One Super Bowl commercial stood out above them all

America is polarized, and never was that more clear than during Super Bowl LI.

There were spots that made political points, and they mostly struck out with me. That’s the danger of such a spot: You’re going to alienate a big chunk of the populous. Sure, very few would disagree with the premise of Audi’s equal pay commercial, except for the fact that it felt super condescending and presumptive. Plus, Audi’s rocking an all-male board of directors.

Probably should have thought about that first before dipping the ol’ toes into the polarized waters of politicized Super Bowl advertising. Besides, the political subject du jour was immigration, and while I’m sure the companies scored points with certain folks, none of the ads did much for me. It’s a topic that’s far more nuanced than either side is considering publicly.

What did pique my interest were three ads from brands that may have caused some consumers to rethink them. The first was from SPAM, a Hormel product made in Minnesota. The spot told viewers to “Don’t Knock It” ’til you’ve fried it, and while on the surface it was just an ad for a processed pork product, I sensed somewhat of a brand’s sticking up for the common man, a sort of ode to a poorer, rural America.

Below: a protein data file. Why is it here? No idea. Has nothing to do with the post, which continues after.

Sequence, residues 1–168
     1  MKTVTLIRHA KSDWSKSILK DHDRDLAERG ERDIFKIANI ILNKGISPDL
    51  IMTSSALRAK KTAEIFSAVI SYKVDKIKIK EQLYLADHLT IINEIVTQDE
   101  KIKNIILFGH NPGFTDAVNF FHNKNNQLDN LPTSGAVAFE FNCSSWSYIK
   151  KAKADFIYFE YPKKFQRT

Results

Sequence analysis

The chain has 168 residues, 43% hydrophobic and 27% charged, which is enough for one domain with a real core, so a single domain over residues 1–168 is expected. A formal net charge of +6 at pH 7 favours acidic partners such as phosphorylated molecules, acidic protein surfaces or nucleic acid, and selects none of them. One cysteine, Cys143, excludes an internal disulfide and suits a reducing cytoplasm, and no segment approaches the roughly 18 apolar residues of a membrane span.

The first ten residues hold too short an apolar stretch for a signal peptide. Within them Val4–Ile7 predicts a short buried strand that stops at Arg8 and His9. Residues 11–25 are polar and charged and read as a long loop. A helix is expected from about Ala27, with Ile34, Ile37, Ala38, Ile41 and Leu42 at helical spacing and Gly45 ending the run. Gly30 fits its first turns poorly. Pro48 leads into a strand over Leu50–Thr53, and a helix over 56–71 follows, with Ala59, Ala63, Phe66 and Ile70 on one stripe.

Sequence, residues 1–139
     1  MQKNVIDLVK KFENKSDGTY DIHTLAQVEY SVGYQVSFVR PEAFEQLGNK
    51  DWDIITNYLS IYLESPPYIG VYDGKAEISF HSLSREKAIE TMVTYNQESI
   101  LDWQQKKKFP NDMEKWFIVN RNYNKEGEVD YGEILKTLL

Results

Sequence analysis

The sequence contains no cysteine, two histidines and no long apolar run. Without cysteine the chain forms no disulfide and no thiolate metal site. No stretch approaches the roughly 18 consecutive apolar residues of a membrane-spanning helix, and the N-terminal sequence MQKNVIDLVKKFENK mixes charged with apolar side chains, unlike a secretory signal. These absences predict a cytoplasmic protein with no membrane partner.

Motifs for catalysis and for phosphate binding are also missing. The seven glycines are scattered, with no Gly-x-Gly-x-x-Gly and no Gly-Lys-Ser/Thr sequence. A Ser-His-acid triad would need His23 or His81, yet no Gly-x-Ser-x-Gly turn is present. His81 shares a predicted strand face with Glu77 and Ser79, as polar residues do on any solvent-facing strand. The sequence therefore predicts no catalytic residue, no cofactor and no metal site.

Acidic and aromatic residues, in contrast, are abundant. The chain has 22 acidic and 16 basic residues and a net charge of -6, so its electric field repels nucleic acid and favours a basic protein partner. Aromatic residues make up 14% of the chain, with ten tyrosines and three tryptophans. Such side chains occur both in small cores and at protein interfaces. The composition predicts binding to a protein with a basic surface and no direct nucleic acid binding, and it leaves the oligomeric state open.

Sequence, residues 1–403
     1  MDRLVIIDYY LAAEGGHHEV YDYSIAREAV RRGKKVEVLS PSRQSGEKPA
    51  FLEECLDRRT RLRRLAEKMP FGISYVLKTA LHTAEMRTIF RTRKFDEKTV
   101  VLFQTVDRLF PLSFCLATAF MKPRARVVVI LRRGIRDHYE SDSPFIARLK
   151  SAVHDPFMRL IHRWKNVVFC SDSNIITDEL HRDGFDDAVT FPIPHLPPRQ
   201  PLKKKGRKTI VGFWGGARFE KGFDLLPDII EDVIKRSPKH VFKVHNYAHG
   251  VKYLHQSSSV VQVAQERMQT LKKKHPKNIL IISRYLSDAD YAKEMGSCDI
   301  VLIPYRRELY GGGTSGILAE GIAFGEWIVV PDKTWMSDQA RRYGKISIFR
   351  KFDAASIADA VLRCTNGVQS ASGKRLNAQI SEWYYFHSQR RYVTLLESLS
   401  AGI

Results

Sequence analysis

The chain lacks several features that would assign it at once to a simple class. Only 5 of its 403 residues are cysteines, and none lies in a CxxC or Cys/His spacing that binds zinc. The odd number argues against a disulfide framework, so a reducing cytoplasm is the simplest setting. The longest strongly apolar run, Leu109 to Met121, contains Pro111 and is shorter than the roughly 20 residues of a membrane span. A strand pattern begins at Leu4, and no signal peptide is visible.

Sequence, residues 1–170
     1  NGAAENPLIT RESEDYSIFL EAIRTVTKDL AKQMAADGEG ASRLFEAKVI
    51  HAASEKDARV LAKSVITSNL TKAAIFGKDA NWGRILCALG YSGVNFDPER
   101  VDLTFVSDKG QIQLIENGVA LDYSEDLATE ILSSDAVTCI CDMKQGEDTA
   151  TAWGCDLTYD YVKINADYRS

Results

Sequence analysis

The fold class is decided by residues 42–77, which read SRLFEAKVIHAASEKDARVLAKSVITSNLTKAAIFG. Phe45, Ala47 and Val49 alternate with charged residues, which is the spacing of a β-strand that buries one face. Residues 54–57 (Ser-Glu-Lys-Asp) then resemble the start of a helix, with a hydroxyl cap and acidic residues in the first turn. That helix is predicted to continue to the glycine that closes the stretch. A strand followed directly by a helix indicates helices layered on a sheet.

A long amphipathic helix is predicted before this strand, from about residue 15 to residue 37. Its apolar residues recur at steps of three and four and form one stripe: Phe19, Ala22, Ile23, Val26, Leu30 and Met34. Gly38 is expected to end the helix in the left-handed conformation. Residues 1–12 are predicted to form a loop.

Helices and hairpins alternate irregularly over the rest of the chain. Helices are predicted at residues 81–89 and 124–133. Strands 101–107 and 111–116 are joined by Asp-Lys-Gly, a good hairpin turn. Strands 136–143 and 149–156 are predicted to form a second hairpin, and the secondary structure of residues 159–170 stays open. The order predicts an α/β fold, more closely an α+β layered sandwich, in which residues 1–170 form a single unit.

A second ad that caught my fancy was another effort in brand re-imagination. It’s gotten mixed reviews, but I liked it as I am a man who enjoys cleaning. Kidding aside, the spot was an exercise in reinvention, and I think it worked — and I think we’ll see an uptick in men doing chores around the house, at least for the next week or two.

But for me, the hands-down best commercial of the Super Bowl and the one that went miles to alter my perception of the brand was Hyundai’s ad shot from a base in Poland, reuniting U.S. troops with their loved ones via video during the Super Bowl.

How they did it, I have no idea. What struck me, however, was that while several brands were wading into murky political waters with messages that surely wouldn’t resonate with at least 46% of the population, it was a company based in Seoul, South Korea, that understood the football-watching American audience better than anybody.

It was like watching several brands say, “We’re with them,” while Hyundai was saying “We’re with you.” I know there’s more to it than that, but it felt like Hyundai hit the right notes at the right time, and I suspect they won the business of a lot of Americans because of it.

FEATURED PHOTO is courtesy of Flickr contributor RobertG NL.

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